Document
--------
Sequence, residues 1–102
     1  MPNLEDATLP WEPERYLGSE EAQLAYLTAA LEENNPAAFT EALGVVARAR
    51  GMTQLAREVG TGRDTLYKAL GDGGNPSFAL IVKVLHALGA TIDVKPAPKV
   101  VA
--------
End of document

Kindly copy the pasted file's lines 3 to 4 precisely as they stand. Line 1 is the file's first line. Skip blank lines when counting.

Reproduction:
    51  GMTQLAREVG TGRDTLYKAL GDGGNPSFAL IVKVLHALGA TIDVKPAPKV
   101  VA